In the fall of 1854, Thomas moved with his foster parents to the Far West – Illinois. He remembered their carriage was an elegant two-seated affair, with glass doors. They followed the National Road from Columbus, Ohio, to Terre Haute, Ind., striking north at this point for Christian County.

In Ohio, the road was piked, but in Indiana, it was a plank road, tolled at many places. Indiana was suffering a drought at that time and they had difficulty in finding feed for their team.

In each state, Joshua Pepper was forced to exchange his money to that of the state they were entering. Each state had its own currency, and Ohio bank notes would not buy anything in Indiana.

A few months before their move, another of Thomas’ uncles, Albert Pepper, had settled in Taylorville, their destination. His foster parents had chosen the Buckeye Prairie as their new home, it being named for the Ohio natives who settled there.

Located 12 miles south of Taylorville, Uncle Joshua Pepper built a home near their daughter, Almira Cochran, with whom Thomas had spent part of his childhood.

“The Illinois Central Railroad had been graded, but no track laid at this time, so all of our goods were shipped overland to Terre Haute, a one-week journey,” he remembered.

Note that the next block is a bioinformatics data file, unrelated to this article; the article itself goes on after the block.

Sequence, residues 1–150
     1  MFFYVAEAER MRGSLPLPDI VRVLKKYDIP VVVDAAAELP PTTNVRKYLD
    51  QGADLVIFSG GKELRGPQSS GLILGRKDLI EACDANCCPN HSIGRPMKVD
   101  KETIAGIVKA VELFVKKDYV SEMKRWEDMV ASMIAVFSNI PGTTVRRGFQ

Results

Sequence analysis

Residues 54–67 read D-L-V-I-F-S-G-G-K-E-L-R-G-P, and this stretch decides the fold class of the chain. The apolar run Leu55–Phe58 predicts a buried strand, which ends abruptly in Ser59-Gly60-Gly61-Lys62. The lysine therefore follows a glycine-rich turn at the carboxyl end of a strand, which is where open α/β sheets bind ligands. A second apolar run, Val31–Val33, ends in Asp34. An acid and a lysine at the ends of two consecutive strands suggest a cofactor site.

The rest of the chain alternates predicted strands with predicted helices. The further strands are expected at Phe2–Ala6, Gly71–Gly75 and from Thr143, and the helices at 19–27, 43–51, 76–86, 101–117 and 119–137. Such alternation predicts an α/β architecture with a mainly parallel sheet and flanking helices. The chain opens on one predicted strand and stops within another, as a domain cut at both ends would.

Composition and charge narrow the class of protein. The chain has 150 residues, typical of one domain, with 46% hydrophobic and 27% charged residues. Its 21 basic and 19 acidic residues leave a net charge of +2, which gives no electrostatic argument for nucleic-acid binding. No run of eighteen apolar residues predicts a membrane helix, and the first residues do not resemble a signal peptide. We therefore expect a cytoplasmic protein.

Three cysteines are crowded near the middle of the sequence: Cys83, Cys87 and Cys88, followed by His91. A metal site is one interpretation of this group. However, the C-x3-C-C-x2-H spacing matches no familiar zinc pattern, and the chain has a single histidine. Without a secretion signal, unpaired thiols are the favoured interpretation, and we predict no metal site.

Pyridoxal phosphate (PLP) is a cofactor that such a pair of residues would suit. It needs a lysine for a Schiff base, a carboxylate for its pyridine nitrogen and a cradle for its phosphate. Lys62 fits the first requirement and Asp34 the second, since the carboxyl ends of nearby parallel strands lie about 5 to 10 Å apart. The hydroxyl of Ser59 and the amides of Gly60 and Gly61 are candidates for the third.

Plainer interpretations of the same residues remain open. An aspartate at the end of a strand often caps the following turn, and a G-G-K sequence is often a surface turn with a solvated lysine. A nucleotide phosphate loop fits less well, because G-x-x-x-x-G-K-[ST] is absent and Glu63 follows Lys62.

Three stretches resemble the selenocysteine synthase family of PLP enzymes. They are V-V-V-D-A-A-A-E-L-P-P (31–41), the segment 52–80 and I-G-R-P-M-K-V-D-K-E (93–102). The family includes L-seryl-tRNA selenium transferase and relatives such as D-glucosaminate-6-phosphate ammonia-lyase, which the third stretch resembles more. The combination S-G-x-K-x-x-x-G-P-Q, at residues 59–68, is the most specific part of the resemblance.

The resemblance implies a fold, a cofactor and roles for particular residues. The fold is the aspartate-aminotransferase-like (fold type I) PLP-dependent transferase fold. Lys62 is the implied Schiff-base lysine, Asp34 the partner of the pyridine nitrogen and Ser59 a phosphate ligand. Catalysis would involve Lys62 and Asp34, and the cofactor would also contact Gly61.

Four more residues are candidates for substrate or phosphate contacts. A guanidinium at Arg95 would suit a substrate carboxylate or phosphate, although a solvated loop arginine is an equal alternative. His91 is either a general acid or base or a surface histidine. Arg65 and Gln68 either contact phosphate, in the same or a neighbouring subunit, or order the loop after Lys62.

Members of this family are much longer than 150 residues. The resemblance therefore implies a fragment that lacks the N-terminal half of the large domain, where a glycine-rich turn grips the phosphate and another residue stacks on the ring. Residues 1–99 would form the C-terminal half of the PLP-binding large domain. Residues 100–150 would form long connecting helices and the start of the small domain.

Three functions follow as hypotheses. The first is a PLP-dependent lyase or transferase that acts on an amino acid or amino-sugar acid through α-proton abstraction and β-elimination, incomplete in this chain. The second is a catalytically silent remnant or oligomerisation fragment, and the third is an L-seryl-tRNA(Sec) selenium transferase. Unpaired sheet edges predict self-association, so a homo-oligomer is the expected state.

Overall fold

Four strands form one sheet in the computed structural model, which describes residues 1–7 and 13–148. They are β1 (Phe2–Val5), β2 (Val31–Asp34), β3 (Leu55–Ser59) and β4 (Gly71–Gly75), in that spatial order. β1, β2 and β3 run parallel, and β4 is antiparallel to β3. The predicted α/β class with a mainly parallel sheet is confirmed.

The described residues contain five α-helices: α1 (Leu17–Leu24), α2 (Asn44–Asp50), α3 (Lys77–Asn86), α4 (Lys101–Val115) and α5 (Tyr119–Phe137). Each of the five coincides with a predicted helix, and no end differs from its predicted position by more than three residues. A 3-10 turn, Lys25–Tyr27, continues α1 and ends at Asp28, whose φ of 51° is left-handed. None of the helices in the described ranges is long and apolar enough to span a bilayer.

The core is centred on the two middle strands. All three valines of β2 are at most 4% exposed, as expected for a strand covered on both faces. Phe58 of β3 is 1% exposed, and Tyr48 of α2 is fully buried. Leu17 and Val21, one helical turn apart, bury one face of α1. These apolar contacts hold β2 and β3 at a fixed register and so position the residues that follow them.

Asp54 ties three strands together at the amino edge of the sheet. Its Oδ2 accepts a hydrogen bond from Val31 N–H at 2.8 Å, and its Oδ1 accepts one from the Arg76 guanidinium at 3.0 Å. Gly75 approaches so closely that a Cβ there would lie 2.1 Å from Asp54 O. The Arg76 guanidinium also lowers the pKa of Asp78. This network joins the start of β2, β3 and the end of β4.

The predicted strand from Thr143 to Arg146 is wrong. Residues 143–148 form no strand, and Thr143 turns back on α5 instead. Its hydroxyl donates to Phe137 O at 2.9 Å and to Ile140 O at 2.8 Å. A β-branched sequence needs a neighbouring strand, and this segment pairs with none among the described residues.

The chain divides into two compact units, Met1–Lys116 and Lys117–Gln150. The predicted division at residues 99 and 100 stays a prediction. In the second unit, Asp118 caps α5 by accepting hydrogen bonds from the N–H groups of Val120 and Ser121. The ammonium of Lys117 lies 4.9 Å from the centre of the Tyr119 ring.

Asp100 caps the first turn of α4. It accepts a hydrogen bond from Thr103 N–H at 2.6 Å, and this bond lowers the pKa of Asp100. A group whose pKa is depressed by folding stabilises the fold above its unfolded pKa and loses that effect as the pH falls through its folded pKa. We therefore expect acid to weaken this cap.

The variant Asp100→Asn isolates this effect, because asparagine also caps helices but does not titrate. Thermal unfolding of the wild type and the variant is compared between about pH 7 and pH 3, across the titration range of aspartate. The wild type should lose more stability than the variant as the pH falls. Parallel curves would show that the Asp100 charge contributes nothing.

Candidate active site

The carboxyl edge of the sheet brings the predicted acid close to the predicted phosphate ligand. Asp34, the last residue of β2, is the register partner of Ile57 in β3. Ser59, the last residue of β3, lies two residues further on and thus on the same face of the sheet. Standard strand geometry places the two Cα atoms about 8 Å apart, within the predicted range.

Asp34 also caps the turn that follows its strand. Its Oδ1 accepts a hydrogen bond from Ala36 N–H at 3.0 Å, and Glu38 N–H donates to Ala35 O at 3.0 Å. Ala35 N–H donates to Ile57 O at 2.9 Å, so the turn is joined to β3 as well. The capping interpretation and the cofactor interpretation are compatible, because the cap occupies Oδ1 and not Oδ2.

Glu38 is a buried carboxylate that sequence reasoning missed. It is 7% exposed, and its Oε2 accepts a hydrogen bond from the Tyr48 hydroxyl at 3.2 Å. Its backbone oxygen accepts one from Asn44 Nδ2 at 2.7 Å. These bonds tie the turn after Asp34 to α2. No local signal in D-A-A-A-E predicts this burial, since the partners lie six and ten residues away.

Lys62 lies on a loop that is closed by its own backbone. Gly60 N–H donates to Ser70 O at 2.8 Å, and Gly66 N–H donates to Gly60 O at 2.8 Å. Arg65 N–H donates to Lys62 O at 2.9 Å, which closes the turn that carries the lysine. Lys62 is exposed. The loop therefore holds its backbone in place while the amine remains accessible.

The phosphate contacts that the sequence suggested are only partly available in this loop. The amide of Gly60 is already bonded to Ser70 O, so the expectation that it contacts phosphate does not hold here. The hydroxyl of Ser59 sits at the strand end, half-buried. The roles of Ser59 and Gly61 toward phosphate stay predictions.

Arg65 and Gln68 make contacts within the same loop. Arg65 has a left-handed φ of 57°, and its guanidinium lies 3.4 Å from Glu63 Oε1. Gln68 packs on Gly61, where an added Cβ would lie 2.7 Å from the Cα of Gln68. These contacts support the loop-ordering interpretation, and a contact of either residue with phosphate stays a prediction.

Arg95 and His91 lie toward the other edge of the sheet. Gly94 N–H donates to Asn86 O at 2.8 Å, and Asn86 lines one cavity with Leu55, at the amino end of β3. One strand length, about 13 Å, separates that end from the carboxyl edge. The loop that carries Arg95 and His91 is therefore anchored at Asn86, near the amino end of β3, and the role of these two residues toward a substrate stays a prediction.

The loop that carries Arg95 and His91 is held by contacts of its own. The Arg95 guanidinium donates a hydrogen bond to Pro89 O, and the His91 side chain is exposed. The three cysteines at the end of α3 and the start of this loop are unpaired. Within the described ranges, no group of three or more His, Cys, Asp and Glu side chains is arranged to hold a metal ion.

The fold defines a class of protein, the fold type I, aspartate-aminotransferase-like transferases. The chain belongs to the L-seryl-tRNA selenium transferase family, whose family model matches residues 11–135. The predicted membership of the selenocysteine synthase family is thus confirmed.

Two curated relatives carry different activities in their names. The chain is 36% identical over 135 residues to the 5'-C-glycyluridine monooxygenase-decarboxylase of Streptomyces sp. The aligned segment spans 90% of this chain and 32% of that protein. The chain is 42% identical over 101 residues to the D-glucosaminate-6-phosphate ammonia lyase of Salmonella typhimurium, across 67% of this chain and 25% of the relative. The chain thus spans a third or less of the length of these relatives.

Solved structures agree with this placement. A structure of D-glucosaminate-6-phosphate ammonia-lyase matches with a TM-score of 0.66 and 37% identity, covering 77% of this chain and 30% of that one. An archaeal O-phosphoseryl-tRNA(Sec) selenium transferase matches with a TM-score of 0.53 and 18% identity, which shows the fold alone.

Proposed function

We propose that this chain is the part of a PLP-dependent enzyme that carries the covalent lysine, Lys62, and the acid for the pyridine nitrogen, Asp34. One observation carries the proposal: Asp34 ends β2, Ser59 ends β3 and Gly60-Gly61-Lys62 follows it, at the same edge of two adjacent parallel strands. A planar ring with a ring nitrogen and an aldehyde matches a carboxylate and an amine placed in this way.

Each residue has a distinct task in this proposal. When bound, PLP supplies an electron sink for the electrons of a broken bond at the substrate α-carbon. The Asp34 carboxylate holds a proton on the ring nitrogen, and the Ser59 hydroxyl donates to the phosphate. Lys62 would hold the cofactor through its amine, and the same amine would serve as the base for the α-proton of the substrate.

Where his young eyes were accustomed to big hills and fertile valleys, canal boats and tow paths, in Illinois they saw no rivers, no vales, no woods – just prairie, beautiful and ever changing.

“A mass of green in springtime, a garden of flowers in the summer, in fall covered with tall grass and rosin weeds and in late fall and winter, scenes of indescribable beauty when great seas of prairie fires swept over it, threatening destruction to everything before them.

“Our only protection was to backfire by plowing several furrows around our homes and hay stacks, and then setting fire outside these furrows.”

Thomas fell in love at age 11, and nine years later, married Rebecca Hunter, the “black haired, black eyed lass, with rosy cheeks and a ringing cheery laugh.” She was another Ohio native. In 1863, they began their married life in a two-room brick house that Thomas built on land he purchased for $12 an acre from the Illinois Central Railroad.

Having completed two years at Normal University, his first teaching job was shortly after his marriage. It was at Locust School – the “almost chinkless” log structure located one-fourth mile north of where Owaneco now stands.

The next year he taught school in one room of their two-room brick home. He and Rebecca moved furniture each morning, fashioning temporary benches for the 30 scholars. His teaching career would take him to Sherman, Durbin, Buckeye and Pike schools until 1893, when he made the move to Vandalia and took up the reins of the Union.

In company with his uncle, Joshua Pepper, he traveled to Springfield to meet the Republican candidate for president. Calling on him at his law office, Thomas wrote, “I was a blazing Democrat, while my uncle was a Republican. Mr. Lincoln expressed himself as quite confident of his election in November.

“Before we left, Mr. Lincoln placed his hand on my head with his blessing and said he hoped that I would grow up to be an honorable and manly man. I have tried to justify his hope.

“I was only 18 and could not vote for Mr. Lincoln then, but in 1864 I voted for him good and hard and have never since departed from the principles he advocated."